Thanks for your post, Professor.
It’s really impressive and clarifying.
I wonder, though, does the fact ( now confirmed ) of coincidence of GW and EM-waves somehow follow from Einstein’s General Theory of Relativity ?
The coincidence between GR and EW waves refers to their propagation speed (“c”) and it is indeed a prediction of Einstein’s theory. The topic is covered in many textbooks on GR and gravitational waves.
Huge breakthrough! Almost worth a second Nobel…
About ”hearing” gravitational waves – it isn’t such a bad analogy really as the frequencies are audible. Which raises the question, If you happened to be close enough to a merger, would the gravitational waves deposit enough energy in your ears that you could actually hear it?
This is huge and amazing news, and a scientific breakthrough in many ways, just as the following article points out:
I am lsuspicious of result that fulfill prophecies. There is too much of current theory that seems to have been based on self fulfilling prophecies, Black Hokes, most of the Standard Model, (Including the Higgs) even neutrons in atomic nuclei are some examples.. o
Signed, Dean LeRoy, Sinclair , PhD Author of
The Physicists’ Grail, Harvard Book Store Press, 2017
As I recall, many of the creators/discovers of QM and GR/SR hated some of the results that fell out from research, including their own. Was nature forcing itself on them, not the other way around? I think you are being too critical.(Although it is true that data starved eras do result in many fanciful models) But that’s “life in the big city”!
How do “: the gravitational waves directly provide the distance to the galaxy”. The only way I can think of is if you know the amplitude exactly at the point of emmision. We know the amplitude here on earth. Thanks for resuming your blog.
That’s exactly how it works. The orbital information (the period of the waves) gives you information about the masses involved. Once you have the masses, it is possible* to calculate the absolute amplitude of the generated gravitational waves. That amplitude falls off like 1/R (not 1/R^2); thus, the amplitude at detection gives you a direct measurement (with some uncertainty, about 20% for GW170817) of the distance.
It is too bad that very few people have Heard of “OSM,” the Oscillators in a Substance Mode which does a quite good job of explaining everything except the fact of Essence itself. The following vornado rtr based on that Model.
1. 1. Electromagnetic and “gravitational “ waves are the sase type of phenomenon. If ultra low frequency , and, probably caused in part, by effects of the “One Force” in its guise as Gravity, are called gravitational waves,
2.:Neutron” stars moodle best as grossly oversized atoms, which probably contain no neutros as all, and always spew some heavy atoms . A collision would spill a lot!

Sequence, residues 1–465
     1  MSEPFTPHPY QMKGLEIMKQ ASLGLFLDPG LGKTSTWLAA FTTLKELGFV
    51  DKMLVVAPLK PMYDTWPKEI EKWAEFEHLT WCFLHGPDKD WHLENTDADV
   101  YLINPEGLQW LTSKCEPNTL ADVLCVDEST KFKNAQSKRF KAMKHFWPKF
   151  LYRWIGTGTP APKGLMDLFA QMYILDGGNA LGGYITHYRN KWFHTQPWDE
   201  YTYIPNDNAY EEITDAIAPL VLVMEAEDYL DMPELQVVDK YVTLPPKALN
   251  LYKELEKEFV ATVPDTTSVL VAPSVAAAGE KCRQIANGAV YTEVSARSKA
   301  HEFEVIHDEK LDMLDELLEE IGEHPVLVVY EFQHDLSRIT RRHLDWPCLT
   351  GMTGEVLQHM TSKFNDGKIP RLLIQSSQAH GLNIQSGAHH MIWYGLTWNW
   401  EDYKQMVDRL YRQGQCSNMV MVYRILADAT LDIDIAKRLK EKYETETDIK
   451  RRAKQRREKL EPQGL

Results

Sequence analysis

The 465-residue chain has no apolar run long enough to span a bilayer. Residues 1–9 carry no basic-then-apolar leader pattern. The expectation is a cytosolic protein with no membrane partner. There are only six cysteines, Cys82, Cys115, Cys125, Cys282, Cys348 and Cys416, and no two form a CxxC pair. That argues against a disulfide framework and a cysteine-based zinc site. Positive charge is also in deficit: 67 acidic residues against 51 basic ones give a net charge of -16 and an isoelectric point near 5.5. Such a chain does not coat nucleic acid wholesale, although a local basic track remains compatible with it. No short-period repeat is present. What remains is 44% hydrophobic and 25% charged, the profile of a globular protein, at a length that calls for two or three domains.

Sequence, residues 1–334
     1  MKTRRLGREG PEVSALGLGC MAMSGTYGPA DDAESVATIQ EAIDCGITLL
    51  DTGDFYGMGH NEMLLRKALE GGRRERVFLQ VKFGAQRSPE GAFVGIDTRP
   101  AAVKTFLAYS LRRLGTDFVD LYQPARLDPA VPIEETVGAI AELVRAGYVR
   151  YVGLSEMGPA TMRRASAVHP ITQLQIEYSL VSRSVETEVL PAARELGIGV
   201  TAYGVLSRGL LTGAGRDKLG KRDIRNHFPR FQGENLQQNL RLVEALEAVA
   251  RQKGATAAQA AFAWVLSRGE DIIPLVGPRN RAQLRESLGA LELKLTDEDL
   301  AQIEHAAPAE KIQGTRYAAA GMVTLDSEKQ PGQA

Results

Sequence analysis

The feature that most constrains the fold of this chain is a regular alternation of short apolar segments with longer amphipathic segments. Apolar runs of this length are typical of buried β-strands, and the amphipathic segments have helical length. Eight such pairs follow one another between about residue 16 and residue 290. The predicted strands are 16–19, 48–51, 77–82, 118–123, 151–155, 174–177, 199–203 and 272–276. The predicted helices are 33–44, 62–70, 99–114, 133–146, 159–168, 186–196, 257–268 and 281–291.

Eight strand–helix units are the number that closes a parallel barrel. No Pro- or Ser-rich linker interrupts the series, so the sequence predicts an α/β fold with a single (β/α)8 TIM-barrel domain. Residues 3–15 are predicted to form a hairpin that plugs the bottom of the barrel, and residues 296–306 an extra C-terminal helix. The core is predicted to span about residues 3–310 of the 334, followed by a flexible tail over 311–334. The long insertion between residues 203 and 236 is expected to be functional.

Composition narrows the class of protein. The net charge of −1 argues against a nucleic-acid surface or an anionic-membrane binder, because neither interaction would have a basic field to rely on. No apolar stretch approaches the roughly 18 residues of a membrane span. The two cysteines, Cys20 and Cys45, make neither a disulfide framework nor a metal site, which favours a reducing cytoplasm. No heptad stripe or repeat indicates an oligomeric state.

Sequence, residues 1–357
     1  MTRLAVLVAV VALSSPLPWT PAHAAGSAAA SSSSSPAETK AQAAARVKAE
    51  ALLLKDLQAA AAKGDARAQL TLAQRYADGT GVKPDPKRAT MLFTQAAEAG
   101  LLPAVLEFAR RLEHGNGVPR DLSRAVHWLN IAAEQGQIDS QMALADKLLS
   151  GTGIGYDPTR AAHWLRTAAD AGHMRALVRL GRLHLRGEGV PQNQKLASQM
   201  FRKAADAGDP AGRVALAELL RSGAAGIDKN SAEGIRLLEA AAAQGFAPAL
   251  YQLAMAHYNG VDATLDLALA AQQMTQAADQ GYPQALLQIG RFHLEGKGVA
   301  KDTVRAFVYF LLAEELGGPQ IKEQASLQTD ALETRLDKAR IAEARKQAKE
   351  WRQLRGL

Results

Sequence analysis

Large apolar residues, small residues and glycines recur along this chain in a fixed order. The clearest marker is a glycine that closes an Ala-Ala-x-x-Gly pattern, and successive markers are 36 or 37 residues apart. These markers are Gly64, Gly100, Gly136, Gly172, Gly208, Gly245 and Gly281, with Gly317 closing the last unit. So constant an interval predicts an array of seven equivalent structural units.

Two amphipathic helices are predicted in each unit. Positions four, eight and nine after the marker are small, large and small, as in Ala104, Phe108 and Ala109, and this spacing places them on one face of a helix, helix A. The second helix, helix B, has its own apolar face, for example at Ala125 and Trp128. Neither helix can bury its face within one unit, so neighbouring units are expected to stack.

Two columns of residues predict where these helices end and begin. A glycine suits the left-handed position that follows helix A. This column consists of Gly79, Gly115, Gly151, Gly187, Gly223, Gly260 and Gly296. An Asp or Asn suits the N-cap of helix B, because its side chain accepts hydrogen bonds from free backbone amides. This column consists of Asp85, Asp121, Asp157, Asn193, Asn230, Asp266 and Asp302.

3 “black Hole collisions” the merging of the centers of mass of galaxies, would be expected to give a quick click, that merger would be the end of a long process but very fast. (Black holes re a fanciful misinterpretation of the ions surrounding the centers of mass of galaxies.)
3.Sorry, Matt, butt Einstein’s gr3at break through was gross mistake which has led scientists astray of rovere a century.
4. The people who did the Experiment of 1890 did not realize the true significance of the speed of light as an average velocity of information criers and got us started on the “Photons- leaking-through- nothing nonsense..
5, Space-Time mathematics is actually a kind of “Substance model The “Substance” in which there are distortions is called “Space-Time.”
7. Sound and light are both compression Qcw phenomena =,They simply operate in different portions of reakutt,,
That should be enough heresy…..
Thanks Michael Kelsey for explanation. I had a cursory glance at some of the papers. But I am still not very clear. I would appreciate it very much if Matt has some time and writes a blog about it. I think this is the most unusual case where you know amplitude at the emission point and absorption point, except perhaps supernovas where we have theory how the supernovas came about.
There are a few other cases where we can (we think) calculate the absolute magnitude and use that to get a direct distance estimate. Astronomers (which I am not!) call these cases “standard candles.”
The two most well known are the Cepheid variable stars, which have a relationship between their period of oscillation and their absolute luminosity, as discovered by Henrietta Leavitt and used by Hubble to infer the distances to other galaxies; and the Type Ia supernovae, which you mentioned yourself.
The latter are white dwarves which accrete matter from a companion until they explode; it appears that Type Ia’s (to first order) all generate more or less the same total energy output (absolute luminosity), which allows us to compute their distances directly.
What’s new about gravitational waves is that the systems which generate them (at least, the systems which we can observe) are simple enough (two compact objects in close orbit) that we can compute the amplitude very precisely! Most of the uncertainty in the distance estimate (for GW170817 it was 40 +/- 8 Mpc, a 20% error bar) comes from the uncertainty in estimating the masses of the system from the signal, not from the calculation itself.
Comments are closed.